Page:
Making Of A Logo October 19 2014

My career is rooted in graphic design. I think the graphic tees I made in college are what got me noticed and began my start in working on lifestyle products. A graphic for a shirt is very similar to a logo. Both must represent something visually: a feeling, a message, a point of view. I don't create all the product we carry at Strange Ways, but I knew I wanted to form our branding considering Strange Ways is sort of an extension of myself and my style.

The most recognizable imagery for Strange Ways will be our logo. Below I've described a bit of the thought process in deciding how it came to be. I wanted do this because firstly, I think it's kind of fun. Secondly, to show youβ€”the customersβ€”the care taken behind this business. I don't take much of what Strange Ways does lightly from who we buy from, what those products says, what brands to represent and even yes, what our logo looks like.

The first step for me is always writing down what it is I'm trying to represent, and doing some initial sketches off of the computer with what comes to mind. I want Strange Ways to be about individual style, unusual imagery, fringe culture and unique ideas. I want this to be a place for like-minded outcasts to come together, and see there's people out there making the odd stuff they want to wear and use. To me, that conjures up imagery of close-knit groups of β€œweirdos” like covens, outcasts, Illuminati and various cult followings. Being in New Haven, CTβ€”the home of Yale and Skull and Bonesβ€”I thought secret societies were a good source to draw from too.

I began collecting imagery relating to these groups, amassing symbols and iconic imagery. I find it advantageous when collecting images to see where they overlap and repeat. This usually means those connotations would resonate with the general public. The most repeated imagery I found were geometric shapesβ€”particularly circles and triangles. (With research I also found out the triangle is the strongest geometric shapeβ€”which I loveβ€”and a circle represents unity.) This is a very good place to be, because those images are so iconic. My thought is the that best logos are simple, but memorable. Crests can be cool and elaborate designs can look nice, but to me those become more illustrations instead of icons.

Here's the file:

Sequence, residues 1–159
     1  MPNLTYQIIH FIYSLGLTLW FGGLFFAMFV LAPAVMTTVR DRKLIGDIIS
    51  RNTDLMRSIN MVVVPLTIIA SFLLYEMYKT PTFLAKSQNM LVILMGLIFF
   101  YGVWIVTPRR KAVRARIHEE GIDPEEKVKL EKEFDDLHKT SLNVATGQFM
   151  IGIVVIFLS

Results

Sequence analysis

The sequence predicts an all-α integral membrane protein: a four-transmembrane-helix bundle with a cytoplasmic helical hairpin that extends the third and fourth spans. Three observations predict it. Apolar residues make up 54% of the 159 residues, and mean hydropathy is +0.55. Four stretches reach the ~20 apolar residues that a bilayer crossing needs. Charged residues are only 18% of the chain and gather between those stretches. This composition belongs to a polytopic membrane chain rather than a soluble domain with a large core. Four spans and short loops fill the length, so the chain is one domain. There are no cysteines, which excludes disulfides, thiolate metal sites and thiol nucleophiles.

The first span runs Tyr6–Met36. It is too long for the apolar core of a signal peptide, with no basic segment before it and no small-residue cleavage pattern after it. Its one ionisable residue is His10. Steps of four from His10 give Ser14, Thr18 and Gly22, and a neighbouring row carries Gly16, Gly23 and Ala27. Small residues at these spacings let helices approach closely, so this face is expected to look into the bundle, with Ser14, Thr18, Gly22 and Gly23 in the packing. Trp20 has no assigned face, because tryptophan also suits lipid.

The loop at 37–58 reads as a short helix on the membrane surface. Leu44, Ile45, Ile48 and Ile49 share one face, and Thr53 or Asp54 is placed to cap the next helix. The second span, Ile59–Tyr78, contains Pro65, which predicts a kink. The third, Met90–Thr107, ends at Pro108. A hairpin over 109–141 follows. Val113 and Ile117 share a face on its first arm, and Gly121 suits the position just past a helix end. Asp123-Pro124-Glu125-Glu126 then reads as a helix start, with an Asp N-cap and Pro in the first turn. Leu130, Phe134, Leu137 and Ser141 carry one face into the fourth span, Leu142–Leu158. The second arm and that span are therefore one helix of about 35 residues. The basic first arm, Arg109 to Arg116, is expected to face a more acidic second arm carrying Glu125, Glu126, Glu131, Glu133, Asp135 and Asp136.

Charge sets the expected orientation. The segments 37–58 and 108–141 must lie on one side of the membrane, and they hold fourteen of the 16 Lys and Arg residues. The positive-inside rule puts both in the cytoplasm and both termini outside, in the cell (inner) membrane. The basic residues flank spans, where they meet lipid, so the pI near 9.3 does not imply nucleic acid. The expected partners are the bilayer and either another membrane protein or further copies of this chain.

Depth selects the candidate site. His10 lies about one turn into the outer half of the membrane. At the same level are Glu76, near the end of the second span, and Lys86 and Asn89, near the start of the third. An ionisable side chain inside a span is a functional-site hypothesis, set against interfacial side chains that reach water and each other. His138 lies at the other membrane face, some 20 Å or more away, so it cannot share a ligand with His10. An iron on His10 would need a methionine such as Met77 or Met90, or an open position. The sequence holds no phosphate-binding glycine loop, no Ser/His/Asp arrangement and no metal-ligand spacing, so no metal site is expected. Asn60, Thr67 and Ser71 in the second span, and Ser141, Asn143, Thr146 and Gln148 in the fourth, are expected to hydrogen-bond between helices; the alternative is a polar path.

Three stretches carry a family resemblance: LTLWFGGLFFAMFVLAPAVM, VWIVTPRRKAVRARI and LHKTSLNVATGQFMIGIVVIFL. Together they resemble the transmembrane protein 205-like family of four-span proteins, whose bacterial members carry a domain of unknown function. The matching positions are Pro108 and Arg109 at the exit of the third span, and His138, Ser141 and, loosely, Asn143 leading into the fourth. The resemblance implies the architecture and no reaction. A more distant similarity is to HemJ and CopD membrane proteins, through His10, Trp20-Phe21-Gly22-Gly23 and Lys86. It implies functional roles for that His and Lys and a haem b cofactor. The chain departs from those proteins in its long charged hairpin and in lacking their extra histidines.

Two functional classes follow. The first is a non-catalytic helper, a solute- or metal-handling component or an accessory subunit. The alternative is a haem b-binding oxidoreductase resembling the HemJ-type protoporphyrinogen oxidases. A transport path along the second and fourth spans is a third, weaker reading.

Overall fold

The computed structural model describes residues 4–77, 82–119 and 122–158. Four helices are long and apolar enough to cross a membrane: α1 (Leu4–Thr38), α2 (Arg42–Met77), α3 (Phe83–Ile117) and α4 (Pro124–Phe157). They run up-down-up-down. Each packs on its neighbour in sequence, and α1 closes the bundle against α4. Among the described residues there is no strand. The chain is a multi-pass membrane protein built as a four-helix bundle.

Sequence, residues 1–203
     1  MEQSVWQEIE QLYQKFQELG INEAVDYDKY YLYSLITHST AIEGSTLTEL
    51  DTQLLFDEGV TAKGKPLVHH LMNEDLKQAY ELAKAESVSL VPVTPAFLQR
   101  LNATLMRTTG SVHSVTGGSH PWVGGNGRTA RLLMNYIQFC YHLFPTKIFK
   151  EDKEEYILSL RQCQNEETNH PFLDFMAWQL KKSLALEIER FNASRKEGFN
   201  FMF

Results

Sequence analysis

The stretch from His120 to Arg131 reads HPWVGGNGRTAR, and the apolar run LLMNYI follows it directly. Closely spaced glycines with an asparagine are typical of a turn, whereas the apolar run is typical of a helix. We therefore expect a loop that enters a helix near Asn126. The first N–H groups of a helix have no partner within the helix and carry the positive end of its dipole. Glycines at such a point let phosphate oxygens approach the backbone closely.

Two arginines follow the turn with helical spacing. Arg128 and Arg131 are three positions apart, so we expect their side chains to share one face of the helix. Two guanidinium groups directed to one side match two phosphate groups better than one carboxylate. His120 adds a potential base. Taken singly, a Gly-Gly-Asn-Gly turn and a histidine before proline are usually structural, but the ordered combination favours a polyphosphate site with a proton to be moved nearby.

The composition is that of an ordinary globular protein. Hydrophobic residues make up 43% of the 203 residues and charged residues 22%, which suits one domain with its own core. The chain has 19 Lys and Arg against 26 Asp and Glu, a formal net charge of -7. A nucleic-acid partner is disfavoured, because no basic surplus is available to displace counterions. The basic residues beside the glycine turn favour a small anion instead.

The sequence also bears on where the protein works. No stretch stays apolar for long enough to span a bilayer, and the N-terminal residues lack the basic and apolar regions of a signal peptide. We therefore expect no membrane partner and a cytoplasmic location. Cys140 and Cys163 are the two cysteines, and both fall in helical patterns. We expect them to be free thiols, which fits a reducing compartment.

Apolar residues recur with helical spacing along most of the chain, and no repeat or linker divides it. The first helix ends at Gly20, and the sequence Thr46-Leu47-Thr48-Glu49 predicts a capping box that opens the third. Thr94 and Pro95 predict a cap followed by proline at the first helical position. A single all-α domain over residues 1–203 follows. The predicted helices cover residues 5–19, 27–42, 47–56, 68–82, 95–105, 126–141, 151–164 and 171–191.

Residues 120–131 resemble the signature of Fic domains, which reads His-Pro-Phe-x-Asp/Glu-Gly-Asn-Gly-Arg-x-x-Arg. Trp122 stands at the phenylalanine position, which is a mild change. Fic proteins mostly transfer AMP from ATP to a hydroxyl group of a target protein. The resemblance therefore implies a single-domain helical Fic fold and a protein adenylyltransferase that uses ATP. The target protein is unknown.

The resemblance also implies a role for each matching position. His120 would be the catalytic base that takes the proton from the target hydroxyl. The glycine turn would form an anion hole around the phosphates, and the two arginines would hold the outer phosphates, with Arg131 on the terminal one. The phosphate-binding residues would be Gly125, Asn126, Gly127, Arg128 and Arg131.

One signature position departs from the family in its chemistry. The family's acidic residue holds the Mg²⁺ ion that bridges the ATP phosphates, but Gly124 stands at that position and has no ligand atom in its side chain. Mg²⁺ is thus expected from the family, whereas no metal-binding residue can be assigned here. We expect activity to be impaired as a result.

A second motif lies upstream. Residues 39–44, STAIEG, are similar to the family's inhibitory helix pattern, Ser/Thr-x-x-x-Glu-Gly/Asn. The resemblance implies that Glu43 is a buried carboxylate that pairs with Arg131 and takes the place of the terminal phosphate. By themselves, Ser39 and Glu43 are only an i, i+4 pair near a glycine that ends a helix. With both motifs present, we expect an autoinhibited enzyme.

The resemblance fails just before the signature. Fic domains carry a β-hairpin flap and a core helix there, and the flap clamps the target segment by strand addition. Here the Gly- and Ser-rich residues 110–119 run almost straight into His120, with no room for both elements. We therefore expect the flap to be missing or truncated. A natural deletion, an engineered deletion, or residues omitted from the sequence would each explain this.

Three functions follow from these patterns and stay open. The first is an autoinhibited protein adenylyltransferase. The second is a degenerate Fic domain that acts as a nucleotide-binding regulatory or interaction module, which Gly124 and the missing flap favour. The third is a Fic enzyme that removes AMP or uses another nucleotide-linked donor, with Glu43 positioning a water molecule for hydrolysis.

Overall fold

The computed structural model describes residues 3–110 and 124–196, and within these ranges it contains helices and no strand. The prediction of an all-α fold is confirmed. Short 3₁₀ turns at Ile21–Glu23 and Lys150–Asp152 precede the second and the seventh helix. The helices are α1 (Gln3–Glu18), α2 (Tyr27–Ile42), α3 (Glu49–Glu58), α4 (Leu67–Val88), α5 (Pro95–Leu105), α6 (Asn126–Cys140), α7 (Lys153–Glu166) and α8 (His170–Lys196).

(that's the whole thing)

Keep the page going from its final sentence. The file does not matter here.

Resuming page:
I started making tons of computer sketches. I ended up being really drawn to the formation of a circle and a triangle overlapping. Making the circle secondary evoked a thought of 3 different corners coming together, and in doing so connect a circle. I liked that grander idea of different outcasts forming a bond. The different internal and external shapes also play off each other well. I knew I wanted the actual word Strange Ways to be in the logo. As a new business it'll help people identify our name. I also knew we'd need 2 different versions depending on aspect ratio. Often times a square is great for a logo, but a logotype is often horizontal. I wanted both, but to make sure they connected.

As far as design style, maybe this is more of a personal taste, but I was drawn toward creating something smooth and clean. I will say I did think it was important in utilizing this darker, almost occult-like imagery to not make it feel too intense or frantic with the quality of linework. I thought it could evoke a sort of amateurish quality around a business I want to be taken seriously. The juxtaposition of more raw imagery with a clean finessing I thought could create an interesting contrast.

With this in mind, when finalizing the style of the logo I went sleek and modern. When choosing a font I wanted something that had hard lines and 90 degree angels to mimic the geometric shapes I was using. The letters I chose didn't work out perfectly as they were, so I made adjustments to the heights and points of some of the letters.

In the end I came up with a logo that has different design elements which can be pulled apart or put together when needed. I think it comes across modern, while referencing something from the past. Currently I prefer putting the logo on a black background with inverted white text to give off more of a mood, but many times it'll be represented on a white background too. In the future I may play with adding color, but the basis of it stands well in black and white and I'm going to keep using that for now. Hope that was informative and interesting, but most importantly that you dig our logo! Thanks for reading up about the ideas and identity of Strange Ways.

Alex Dakoulas
Founder & Creative Director